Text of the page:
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Boulton Paul P.3 Bobolink


Prototype Biplane Fighter


United Kingdom | 1918



"The Boulton Paul Bobolink - the first fighter entry for the company - lost to the Sopwith Snipe in a competition designed to succeed the classic Sopwith Camel."

Power & Performance
Those special qualities that separate one aircraft design from another. Performance specifications presented assume optimal operating conditions for the Boulton Paul P.3 Bobolink Prototype Biplane Fighter.
1 x Bentley BR.2 rotary engine developing 230 horsepower.
Propulsion
124 mph
200 kph | 108 kts
Max Speed
19,685 ft
6,000 m | 4 miles
Service Ceiling
407 miles
655 km | 354 nm
Operational Range
1,085 ft/min
331 m/min
Rate-of-Climb
Structure
The nose-to-tail, wingtip-to-wingtip physical qualities of the Boulton Paul P.3 Bobolink Prototype Biplane Fighter.
1
(MANNED)
Crew
20.0 ft
6.10 m
O/A Length
29.0 ft
(8.85 m)
O/A Width
8.4 ft
(2.55 m)
O/A Height
1,235 lb
(560 kg)
Empty Weight
1,995 lb
(905 kg)
MTOW
Armament
Available supported armament and special-mission equipment featured in the design of the Boulton Paul P.3 Bobolink Prototype Biplane Fighter .
STANDARD, FIXED:
2 x 0.303 caliber Vickers machine guns firing through the spinning propeller blades.
Variants
Notable series variants as part of the Boulton Paul P.3 Bobolink family line.
P.3 "Bobolink" - Base Series Designation; sole prototype completed.


Authored By: Staff Writer | Last Edited: 04/25/2016 | Content ©www.MilitaryFactory.com | The following text is exclusive to this site; No A.I. was used in the generation of this content.

Boulton Paul's first entry into fighter aircraft design and development came through the P.3 "Bobolink" of 1918. It was intended for British service in World War 1 (1914-1918) and as the successor to the storied Sopwith Camel fighter (detailed elsewhere on this site) but the type never advanced beyond its prototype stage. Nevertheless, the offering put the company on a path to respectability heading into World War 2 (1939-1945). Design of the Bobolink was attributed to J.D. North.

Boulton Paul held origins as far back as the late-1700s with its headquarters being Norwich, UK. By the 1900s, the company had evolved along various names until, in 1905, it became known as Boulton & Paul Ltd - specializing in engineering and manufacturing. By the time of World War 1, Boulton Paul served the war effort by building other company's aircraft produced - including the Sopwith Camel.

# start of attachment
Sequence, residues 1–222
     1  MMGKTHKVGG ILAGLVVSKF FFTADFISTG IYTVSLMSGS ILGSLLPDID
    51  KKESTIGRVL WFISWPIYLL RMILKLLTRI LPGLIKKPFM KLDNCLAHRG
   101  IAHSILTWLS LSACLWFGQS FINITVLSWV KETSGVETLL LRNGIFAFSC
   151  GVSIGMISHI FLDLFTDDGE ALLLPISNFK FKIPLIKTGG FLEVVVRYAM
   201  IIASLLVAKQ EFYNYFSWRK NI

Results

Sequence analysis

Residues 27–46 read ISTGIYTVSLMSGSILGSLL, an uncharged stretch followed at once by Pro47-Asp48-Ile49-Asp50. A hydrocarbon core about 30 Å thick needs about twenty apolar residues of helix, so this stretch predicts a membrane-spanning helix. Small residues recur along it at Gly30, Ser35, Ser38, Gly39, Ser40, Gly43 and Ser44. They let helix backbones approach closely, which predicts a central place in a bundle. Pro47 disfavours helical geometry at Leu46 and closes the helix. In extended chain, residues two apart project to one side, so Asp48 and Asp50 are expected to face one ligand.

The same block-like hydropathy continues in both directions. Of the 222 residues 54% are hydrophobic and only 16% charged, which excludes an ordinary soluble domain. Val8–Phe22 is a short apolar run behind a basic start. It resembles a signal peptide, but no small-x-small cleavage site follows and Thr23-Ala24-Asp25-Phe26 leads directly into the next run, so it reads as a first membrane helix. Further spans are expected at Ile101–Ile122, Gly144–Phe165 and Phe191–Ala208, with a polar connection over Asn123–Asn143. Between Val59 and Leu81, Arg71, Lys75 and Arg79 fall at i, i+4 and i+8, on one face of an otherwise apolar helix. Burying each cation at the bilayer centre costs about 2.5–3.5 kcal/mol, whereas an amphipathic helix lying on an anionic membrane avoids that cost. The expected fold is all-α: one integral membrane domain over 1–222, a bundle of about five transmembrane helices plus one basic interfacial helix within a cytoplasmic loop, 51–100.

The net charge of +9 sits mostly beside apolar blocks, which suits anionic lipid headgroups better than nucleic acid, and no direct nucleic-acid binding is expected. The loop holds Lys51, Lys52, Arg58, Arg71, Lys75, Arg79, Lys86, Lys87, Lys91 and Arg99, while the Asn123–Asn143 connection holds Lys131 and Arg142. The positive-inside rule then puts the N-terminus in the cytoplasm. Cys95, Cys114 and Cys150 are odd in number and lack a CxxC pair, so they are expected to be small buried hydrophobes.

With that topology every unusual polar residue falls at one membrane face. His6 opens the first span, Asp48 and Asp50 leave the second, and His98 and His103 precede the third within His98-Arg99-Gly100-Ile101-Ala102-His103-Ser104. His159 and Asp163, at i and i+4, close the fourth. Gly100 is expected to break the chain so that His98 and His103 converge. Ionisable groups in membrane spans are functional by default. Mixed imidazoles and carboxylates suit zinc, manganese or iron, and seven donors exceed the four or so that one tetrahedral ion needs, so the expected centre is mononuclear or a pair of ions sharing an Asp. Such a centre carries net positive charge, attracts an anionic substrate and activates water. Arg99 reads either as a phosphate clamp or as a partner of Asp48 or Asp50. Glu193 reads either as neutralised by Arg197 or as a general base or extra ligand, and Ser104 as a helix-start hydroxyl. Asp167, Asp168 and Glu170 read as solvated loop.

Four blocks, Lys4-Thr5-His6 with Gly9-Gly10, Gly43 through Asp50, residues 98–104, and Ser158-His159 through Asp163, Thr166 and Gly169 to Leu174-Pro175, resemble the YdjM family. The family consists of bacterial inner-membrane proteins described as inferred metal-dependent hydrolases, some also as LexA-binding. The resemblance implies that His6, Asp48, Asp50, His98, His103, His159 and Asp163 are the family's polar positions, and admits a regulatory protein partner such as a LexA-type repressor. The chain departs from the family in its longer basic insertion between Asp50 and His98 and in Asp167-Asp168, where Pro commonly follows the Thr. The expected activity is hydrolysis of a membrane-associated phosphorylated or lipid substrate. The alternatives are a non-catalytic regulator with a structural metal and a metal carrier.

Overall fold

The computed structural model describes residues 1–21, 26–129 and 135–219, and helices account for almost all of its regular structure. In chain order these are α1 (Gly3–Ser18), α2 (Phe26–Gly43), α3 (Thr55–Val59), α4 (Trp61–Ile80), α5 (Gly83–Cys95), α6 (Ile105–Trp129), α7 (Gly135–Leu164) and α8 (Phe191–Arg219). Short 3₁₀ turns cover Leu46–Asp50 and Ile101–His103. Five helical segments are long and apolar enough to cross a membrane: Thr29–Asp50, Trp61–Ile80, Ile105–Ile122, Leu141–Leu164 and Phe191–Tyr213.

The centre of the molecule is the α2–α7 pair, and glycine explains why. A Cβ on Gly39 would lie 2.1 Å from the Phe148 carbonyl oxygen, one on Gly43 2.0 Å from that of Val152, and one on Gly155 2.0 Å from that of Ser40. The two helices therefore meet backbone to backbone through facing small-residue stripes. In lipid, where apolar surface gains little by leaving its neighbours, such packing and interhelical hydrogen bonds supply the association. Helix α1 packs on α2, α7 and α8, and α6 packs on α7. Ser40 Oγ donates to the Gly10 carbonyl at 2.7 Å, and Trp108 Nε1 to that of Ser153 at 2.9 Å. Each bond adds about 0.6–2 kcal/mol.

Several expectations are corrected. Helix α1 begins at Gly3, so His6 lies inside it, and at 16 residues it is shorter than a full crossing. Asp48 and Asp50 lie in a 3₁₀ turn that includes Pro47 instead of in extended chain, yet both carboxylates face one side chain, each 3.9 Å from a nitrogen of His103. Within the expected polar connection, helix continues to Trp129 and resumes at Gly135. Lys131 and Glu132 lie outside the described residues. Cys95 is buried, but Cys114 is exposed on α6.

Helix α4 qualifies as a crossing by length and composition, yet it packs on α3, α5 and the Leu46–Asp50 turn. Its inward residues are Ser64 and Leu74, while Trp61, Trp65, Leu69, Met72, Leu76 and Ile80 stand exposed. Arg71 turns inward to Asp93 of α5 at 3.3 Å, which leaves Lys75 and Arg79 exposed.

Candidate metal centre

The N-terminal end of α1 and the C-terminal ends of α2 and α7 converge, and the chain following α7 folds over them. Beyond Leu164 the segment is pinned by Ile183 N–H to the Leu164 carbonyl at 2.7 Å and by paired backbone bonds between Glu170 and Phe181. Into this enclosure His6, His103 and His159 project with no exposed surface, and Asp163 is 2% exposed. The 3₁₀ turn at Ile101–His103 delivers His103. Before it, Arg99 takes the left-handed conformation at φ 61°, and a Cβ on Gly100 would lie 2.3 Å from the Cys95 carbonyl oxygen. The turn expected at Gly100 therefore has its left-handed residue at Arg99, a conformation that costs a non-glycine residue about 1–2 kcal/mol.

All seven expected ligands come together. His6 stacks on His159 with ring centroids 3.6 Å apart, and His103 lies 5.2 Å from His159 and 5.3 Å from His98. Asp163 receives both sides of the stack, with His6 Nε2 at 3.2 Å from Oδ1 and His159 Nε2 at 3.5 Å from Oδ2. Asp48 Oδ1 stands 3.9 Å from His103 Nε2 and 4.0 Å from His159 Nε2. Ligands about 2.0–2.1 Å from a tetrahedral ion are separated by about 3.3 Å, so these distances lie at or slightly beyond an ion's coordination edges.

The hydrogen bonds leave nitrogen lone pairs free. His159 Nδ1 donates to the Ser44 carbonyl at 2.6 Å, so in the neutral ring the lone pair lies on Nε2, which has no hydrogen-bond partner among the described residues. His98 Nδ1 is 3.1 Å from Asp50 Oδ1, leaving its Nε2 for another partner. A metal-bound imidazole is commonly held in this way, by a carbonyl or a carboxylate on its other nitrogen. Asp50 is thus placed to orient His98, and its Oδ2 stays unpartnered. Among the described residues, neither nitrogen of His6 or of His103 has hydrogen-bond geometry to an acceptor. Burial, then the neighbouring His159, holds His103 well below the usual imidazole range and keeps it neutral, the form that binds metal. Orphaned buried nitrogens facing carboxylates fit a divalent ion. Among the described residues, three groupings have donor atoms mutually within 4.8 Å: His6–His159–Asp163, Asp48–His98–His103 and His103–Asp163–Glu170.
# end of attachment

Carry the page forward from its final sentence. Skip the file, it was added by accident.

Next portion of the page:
Despite the excellence of the Sopwith Camel, the British Air Ministry looked to the future and inevitably sought a successor for their aging biplane. This led Boulton Paul to throw its hat into the ring with a possible contender - a fighting biplane named "Bobolink". A first flight (in prototype form) was had in January of 1918 and tests followed into February. In its earliest form, the aircraft lacked ailerons along its lower wing assembly but these were added prior to official trials.

Boulton Paul engineers relied on proven techniques for their fighter entry: It was a wood-and-fabric single-seater powered by a single engine at the nose. The powerplant of choice became the Bentley BR.2 rotary engine of 230 horsepower output. The biplane wing arrangement featured a two-bay approach and N-shaped struts. Overall dimensions of the product included a length of 6 meters, a wingspan of 8.8 meters and a height of 2.5 meters.

The Boulton Paul design performed largely as intended - it could reach speeds of 125 miles per hour and held a service ceiling of 19,500 feet. Endurance was over three hours which was a prime consideration for fighting aircraft of the period. Armament was rather standard - 2 x 0.303 inch Vickers fixed, forward-firing machine guns with interrupter gear set to allow for firing through the spinning propeller blades. One of the more unique features built into the Bobolink was a jettisonable fuel tank system intended to increase survivability of the pilot. The pilot was also shielded from the fuel stores by a section of armor.

Despite the promising nature of the Bobolink, British authorities selected the competing Sopwith Snipe (which also relied on the Bentley BR.2 rotary engine). Officials cited the Bobolink as lacking in maneuverability during its evaluation phase and the overall product was seen as more complex (and therefore more expensive) to produce in the numbers required. The Sopwith Snipe simply performed better, was easier to produce and would come from the proven designers/builders at Sopwith.

As such, only the single Bobolink prototype was ever completed though the company continued using the aircraft some time later in tests.

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Operators
Global customers who have evaluated and/or operated the Boulton Paul P.3 Bobolink. Nations are displayed by flag, each linked to their respective national aircraft listing.

Total Production: 1 Units

Contractor(s): Boulton Paul - UK
National flag of the United Kingdom

[ United Kingdom (trialed) ]
1 / 1
Image of the Boulton Paul P.3 Bobolink
Image from the Public Domain.

Going Further...
The Boulton Paul P.3 Bobolink Prototype Biplane Fighter appears in the following collections:
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